When I tell people I home educate, I can often predict how the conversation will go. When I also tell them I’m a school teacher, it’s even more predictable. A typical conversation goes something like this:
“So what do you do for a living?”
“I’m a primary school teacher…”
“Ah, I guess that’s a big help then!”
Actually, it’s not.
In fact, if I’m 100% honest, I’d say it’s been more of a hindrance, than a help. There’s a widely held misconception that qualification or experience as a school teacher, would make the job of home educating easier. I’ve even seen parents asking if they ought to train as a teacher before they home educate, believing it might help.
I worked as a teacher long before I even thought about home educating; long before I had children of my own. And it wasn’t until I had my own and watched them grow from babies into young children, that I began to realise how contrived and unnatural school education is. Now that my two are both compulsory school age, the difference between how children naturally learn, and how children learn in school, is even more obvious; it became so glaring in fact, that it made continuing in my job as a school teacher, increasingly difficult. In truth, teacher training and classroom experience, give us very little understanding of the way children learn if they’re not in school.
I wrote recently, about why home educated children get along just fine without needing qualified teachers, and really, the reason that home educating is no easier as a teacher, is just an extension of that. School experience taught me how to help children learn in a school setting, under specific school conditions, with a specific curriculum and resources. But it is no help at all in understanding how my own free children learn, which is totally different.
Some people assume it would help with specific subject knowledge, that you could then teach your child. It won’t. You can’t learn every subject in detail. Even primary school teachers don’t do this, despite having to teach the whole lot. They often teach outside of their knowledge comfort zone. Teaching isn’t about knowing all the facts.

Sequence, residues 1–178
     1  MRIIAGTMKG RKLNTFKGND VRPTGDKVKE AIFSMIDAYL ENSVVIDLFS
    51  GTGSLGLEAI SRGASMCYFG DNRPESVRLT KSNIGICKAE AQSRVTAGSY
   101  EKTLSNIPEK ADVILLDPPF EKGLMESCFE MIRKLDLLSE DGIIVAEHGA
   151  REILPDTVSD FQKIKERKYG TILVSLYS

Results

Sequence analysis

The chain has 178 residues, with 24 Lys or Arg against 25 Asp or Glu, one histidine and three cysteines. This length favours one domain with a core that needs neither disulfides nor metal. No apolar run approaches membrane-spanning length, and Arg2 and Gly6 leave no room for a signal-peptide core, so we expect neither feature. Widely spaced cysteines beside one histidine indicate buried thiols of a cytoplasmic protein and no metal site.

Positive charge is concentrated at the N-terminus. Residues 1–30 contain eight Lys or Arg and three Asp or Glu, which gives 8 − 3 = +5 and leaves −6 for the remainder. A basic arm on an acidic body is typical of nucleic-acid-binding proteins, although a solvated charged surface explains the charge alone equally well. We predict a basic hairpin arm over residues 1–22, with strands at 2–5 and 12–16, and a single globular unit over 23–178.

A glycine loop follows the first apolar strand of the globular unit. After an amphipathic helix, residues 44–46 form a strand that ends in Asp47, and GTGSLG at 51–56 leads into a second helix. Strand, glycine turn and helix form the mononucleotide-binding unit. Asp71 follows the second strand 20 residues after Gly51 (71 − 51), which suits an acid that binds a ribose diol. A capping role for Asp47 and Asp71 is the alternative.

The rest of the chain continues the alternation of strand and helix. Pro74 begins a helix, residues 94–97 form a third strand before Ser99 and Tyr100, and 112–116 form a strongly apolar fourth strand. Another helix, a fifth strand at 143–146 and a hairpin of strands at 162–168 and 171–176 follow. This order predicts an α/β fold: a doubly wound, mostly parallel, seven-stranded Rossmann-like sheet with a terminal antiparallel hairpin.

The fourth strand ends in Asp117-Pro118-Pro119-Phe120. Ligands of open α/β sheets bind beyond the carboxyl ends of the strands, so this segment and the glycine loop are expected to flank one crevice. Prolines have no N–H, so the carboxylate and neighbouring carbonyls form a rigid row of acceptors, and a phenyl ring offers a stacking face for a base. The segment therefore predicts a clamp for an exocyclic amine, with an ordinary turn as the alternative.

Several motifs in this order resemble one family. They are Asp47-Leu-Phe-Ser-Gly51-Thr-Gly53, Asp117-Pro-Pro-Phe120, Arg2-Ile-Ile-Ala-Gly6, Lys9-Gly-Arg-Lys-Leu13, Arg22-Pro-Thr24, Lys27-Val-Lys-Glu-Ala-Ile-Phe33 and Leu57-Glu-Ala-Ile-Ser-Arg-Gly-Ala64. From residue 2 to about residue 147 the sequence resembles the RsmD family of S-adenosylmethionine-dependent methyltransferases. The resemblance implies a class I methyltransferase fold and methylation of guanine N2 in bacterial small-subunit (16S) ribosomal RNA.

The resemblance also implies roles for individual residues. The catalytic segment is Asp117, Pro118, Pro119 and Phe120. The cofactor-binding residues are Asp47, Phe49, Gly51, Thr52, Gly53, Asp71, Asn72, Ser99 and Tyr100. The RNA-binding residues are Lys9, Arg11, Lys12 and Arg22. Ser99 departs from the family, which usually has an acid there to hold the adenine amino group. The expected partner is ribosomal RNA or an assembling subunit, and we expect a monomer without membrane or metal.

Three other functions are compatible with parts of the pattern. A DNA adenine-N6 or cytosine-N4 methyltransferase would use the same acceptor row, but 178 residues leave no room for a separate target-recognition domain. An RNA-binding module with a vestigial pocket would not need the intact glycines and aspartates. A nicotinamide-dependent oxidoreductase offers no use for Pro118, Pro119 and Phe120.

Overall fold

Some people think it helps you understand how children learn. Again, it doesn’t because, as I mentioned earlier, learning in school is nothing like autonomous learning at home. Admittedly, some home educators follow very ‘school-like” plans and procedures, and I would guess that maybe, in this case, teaching experience might be of value. I suppose if you’re choosing to run your home like a mini school, it could be useful to know how schools operate – how they get children to learn. But for unschoolers (or autonomous home educators) like us, who use a totally different approach to learning, school procedures and institutional pedagogy are pretty much redundant.
Maybe it gives me more inspiration or more ideas – more exciting ways to help my kids learn? No. Because a lot of school learning (not all, of course) is actually pretty dull. Classrooms, unit plans, textbooks, worksheets, PowerPoints, partner-talk, chalk and talk, extended writing, guided reading…. Compare this with the freedom of taking the learning anywhere, anytime, going off on tangents, following a dream, meeting new people, seeing and experiencing things in real life rather than on an interactive whiteboard screen or on a handout. Compared with the opportunities that home education offers, the classroom experience is really quite uninspiring.